TO: Judge Mack
FROM: Legal Clerk- Paloma Garcia
RE: Crawford v. Washington
DATE: November 2, 2014
Petitioner Michael Crawford stabbed a man who allegedly tried to rape his wife, Sylvia. At his trial, the State played for the jury Sylvia's tape-recorded statement to the police describing the stabbing, even though Crawford had no opportunity for cross-examination. The State sought to introduce a recorded statement that petitioner's wife Sylvia had made during police interrogation, as evidence that the stabbing was not in self-defense. Sylvia did not testify at trial because of Washington's marital privilege. The tape was played at trial, but she did not testify, testimonial statements are at issue, the only indicium of …show more content…
Finally, witnesses are subject to cross-examination. But if it is found that the witness lies, he or she is taking the risk to be charged with perjury or in contempt if the witness refuses to answer a question, unless it is protected by privilege. These methods are threatened by the way hearsay interferes and affect them.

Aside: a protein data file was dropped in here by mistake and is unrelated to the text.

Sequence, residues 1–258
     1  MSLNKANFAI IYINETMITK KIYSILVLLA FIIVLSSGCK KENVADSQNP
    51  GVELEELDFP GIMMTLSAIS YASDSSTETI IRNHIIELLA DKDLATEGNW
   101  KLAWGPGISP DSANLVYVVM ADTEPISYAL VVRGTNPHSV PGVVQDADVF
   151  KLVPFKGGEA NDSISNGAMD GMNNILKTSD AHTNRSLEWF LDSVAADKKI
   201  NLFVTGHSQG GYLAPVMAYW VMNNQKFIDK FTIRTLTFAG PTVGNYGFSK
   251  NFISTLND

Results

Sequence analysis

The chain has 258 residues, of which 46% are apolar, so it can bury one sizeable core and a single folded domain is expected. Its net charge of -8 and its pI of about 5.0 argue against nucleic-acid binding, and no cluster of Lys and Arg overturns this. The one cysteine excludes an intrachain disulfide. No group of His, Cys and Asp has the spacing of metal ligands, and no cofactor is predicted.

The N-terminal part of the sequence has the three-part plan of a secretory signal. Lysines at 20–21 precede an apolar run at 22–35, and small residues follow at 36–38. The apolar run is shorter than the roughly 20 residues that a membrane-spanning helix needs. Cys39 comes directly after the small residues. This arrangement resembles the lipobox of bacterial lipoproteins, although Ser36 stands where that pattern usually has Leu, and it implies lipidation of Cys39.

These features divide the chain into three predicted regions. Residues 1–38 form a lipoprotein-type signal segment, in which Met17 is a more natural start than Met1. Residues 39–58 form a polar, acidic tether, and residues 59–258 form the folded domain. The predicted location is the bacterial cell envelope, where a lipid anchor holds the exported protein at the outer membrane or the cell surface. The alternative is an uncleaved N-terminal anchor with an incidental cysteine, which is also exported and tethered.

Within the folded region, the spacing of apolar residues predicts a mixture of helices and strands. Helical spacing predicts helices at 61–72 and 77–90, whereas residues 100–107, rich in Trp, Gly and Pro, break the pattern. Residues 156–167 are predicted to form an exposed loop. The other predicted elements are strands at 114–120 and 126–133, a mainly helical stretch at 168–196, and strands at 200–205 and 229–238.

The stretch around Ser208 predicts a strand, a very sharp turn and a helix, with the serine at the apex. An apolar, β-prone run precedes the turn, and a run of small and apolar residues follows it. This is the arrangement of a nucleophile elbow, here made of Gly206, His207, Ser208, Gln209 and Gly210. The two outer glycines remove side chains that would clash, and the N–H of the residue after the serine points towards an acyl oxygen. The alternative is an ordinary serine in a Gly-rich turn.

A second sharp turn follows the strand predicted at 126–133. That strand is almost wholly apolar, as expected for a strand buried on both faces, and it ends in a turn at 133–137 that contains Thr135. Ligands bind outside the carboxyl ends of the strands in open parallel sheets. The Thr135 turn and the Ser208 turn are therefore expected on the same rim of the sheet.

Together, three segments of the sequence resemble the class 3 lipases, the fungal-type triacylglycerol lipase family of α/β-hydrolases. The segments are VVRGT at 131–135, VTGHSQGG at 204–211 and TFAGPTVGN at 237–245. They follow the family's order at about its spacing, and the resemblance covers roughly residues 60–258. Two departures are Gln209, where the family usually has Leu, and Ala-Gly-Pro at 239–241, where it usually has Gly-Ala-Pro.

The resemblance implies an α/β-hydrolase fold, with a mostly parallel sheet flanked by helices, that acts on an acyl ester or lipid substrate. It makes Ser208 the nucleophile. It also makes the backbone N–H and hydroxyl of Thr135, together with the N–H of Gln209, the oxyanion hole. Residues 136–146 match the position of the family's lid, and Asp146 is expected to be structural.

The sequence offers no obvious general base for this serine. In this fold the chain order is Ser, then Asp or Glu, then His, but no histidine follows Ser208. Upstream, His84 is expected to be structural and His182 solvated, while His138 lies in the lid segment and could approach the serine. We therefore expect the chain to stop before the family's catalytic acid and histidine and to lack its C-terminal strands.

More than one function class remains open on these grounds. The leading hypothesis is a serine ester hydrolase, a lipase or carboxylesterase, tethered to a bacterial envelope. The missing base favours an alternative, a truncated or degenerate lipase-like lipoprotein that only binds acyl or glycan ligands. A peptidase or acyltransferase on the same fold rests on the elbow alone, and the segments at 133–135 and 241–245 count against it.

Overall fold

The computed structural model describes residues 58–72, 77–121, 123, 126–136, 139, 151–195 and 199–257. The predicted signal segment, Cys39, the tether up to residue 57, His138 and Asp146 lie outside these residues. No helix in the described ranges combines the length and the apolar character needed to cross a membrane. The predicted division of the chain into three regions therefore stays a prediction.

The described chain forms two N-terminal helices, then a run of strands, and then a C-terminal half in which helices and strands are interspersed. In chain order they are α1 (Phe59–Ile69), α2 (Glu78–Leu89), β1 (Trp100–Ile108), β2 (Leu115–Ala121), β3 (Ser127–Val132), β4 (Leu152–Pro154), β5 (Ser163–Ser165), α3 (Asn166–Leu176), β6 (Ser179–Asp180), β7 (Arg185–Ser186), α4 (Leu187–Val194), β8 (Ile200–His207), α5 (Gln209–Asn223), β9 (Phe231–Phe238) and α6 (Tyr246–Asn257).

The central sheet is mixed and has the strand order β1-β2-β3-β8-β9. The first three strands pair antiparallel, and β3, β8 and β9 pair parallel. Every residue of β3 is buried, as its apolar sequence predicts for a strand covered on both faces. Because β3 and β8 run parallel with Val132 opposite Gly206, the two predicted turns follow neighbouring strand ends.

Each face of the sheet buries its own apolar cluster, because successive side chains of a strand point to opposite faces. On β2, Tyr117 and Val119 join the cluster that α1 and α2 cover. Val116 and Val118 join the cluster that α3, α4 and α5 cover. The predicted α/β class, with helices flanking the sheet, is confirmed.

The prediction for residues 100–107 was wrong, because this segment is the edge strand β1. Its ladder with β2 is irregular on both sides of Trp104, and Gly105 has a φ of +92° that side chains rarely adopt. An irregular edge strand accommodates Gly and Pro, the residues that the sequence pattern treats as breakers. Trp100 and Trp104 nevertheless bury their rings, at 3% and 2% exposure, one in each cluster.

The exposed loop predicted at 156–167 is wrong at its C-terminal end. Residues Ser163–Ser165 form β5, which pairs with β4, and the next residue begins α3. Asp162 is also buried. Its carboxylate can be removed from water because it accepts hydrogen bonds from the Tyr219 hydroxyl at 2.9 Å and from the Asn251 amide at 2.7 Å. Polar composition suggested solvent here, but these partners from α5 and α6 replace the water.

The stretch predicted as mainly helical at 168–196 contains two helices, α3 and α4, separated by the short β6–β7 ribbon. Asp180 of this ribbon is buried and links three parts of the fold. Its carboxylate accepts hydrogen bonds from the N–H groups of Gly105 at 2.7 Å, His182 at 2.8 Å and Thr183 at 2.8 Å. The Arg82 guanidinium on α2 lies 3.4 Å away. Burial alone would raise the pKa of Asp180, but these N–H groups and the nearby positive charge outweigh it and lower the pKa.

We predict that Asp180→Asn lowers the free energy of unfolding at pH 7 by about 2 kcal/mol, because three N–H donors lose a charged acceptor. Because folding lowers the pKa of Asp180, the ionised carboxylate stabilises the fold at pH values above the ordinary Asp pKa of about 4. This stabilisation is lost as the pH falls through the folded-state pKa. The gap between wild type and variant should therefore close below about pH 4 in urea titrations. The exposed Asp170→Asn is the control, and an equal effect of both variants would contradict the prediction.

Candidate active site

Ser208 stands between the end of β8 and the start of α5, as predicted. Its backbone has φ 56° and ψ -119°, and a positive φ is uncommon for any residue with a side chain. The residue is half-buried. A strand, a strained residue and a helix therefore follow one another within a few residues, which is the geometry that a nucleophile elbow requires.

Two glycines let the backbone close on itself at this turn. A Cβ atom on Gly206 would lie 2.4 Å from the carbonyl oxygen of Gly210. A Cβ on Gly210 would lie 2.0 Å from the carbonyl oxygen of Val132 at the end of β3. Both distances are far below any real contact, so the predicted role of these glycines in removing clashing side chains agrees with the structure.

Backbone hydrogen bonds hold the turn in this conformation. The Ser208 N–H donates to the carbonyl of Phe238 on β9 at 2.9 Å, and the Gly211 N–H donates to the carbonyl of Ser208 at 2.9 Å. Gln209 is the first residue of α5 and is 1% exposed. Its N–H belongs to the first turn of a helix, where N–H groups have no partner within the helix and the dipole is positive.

The Confrontation Clause of the Six Amendment states that “In all criminal prosecutions, the accused shall enjoy the right… to be confronted with the witnesses’ evidence against him…” The implication of hearsay evidence for this clause is explicit: If out-of –court statement evidence is admitted against the accused, this person becomes a witness that is not confronting the accused. One of the methods to confirm witness credibility relies on the presence of the person in court to confront the accused. However, in the case of Crawford v. Washington, this conflicted with his marital privileged because his wife was the one who provided the out-of-court statement. Therefore, hearsay conflicts with the Six Amendment in the case of witness unavailability to be present in court.
For several hundred years, one of the great glories of the common law system of criminal justice has been the requirement that prosecution